SFF Novels as LEGO
By Sally Partridge
Posted on May 21, 2014 in Craft Corner, Fun Stuff with tags Lego, Stephen King
YA author and Lego afficinado SA Partridge has visited Hodderscape… and left us the greatest gift of all: scenes from books, recreated with Lego.
1. Men at Arms by Terry Pratchett
He [Carrot] could lead armies, Angua thought. He really could. Some people have inspired whole countries to great deeds because of the power of their vision. And so could he. Not because he dreams about marching hordes, or world domination, or an empire of a thousand years. Just because he thinks that everyone’s really decent underneath and would get along just fine if only they made an effort, and he believes that strongly it burns like a flame that is bigger than he is.
2. The Shining by Stephen King
“Wendy? Darling? Light, of my life. I’m not gonna hurt ya. I’m just going to bash your brains in.”
3. Kraken by China Miéville
They traced a zigzag route through London, Baron in his plain clothes, Collingswood in her costume-like uniform, hoping to surprise their informers into helpful candour. There were not many names on the list – infolding and weightomancy were arcana among the arcane, a geeky byway.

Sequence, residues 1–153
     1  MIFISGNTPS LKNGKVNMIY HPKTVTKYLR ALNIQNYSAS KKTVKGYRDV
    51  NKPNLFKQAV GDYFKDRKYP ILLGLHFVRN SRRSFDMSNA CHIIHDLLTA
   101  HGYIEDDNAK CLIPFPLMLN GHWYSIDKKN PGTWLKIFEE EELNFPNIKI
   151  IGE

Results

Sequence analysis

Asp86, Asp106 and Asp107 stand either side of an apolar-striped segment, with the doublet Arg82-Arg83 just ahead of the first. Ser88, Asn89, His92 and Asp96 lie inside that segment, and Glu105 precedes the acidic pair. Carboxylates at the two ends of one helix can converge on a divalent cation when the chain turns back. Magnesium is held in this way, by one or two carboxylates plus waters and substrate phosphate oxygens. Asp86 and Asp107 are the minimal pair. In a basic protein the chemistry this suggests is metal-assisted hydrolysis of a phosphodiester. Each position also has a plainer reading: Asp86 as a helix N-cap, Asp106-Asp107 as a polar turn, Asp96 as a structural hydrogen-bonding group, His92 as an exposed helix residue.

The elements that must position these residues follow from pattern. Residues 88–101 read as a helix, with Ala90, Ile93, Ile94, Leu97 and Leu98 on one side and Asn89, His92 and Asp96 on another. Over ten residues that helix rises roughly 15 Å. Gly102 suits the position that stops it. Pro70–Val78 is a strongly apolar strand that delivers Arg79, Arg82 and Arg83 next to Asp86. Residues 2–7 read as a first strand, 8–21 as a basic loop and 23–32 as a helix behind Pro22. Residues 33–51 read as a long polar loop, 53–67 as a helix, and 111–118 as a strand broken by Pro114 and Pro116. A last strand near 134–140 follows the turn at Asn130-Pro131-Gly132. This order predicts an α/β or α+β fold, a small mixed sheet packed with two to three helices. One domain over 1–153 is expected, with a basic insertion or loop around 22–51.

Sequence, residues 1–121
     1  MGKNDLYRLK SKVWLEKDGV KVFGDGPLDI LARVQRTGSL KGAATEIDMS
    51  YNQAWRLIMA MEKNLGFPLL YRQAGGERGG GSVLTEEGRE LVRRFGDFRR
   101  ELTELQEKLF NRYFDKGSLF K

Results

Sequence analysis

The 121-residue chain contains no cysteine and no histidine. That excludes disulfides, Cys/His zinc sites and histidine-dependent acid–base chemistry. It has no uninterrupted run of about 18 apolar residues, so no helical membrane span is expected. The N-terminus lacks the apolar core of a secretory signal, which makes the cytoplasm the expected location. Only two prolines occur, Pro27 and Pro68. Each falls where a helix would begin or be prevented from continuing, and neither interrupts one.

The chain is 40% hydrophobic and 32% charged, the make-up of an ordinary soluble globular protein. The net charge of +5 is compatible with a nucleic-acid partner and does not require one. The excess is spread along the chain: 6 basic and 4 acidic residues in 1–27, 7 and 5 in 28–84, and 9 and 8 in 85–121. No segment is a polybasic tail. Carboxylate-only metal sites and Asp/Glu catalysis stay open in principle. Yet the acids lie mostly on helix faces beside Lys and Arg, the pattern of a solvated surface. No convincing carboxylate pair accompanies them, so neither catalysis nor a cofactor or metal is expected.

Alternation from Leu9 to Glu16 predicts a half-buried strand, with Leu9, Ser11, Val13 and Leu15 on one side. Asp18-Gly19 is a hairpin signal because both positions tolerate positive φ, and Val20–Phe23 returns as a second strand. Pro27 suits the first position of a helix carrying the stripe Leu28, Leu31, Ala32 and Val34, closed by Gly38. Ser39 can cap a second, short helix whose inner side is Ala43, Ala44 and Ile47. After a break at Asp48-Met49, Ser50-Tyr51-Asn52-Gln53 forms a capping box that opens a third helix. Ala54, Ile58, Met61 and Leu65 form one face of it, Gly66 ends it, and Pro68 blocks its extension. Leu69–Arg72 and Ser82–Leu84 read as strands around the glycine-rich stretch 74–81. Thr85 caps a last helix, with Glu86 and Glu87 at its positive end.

4. Lord of the Rings by JRR Tolkein
At the end of the second week in September a cart came through Bywater from the direction of the Brandywine Bridge in broad daylight. An old man was driving it all alone. He wore a pointed blue hat, a long grey cloak, and a silver scarf. He had a long white beard and bushy eyebrows that stuck out beyond the brim of his hat.
5. The Hollow Chocolate Bunnies of the Apocalypse by Robert Rankin
Jack stared down and his eyes grew wide and his mouth fell hugely open. And then Jack crossed his legs and says “Ouch”.
“Ouch would be about right,” agreed Bellis. “You might recognise the murder weapon. It’s his crook, from the days when he was a humble shepherd.”
6. Jonathan Strange and Mr Norrell by Susanna Clarke
When he was a child in Faerie the Sidhe had called him a word in their own language which, we are told, meant “Starling”, but he had already abandoned that name by the time he entered England. Later he took to calling himself by his father’s name – John d’Usglass – but in the early part of his reign he was known simply by one of the many titles his friends or enemies gave him: the King; the Raven King; the Black King; the King in the North.
7. The King in Yellow by Robert Chambers
“What is all this?” he inquired, in a gentle voice. “Are you ill?”
“No,” I replied. But I doubt if he heard me.
“Come, come, old fellow,” he cried, “take off that brass crown and toddle
into the study. Are you going to a masquerade? What’s all this theatrical
8. I-Robot by Isaac Asimov
There is no Master but Master and the QT1 is his prophet.
S.A. Partridge is a young adult author and short story writer from South Africa. She also does cool things with LEGO.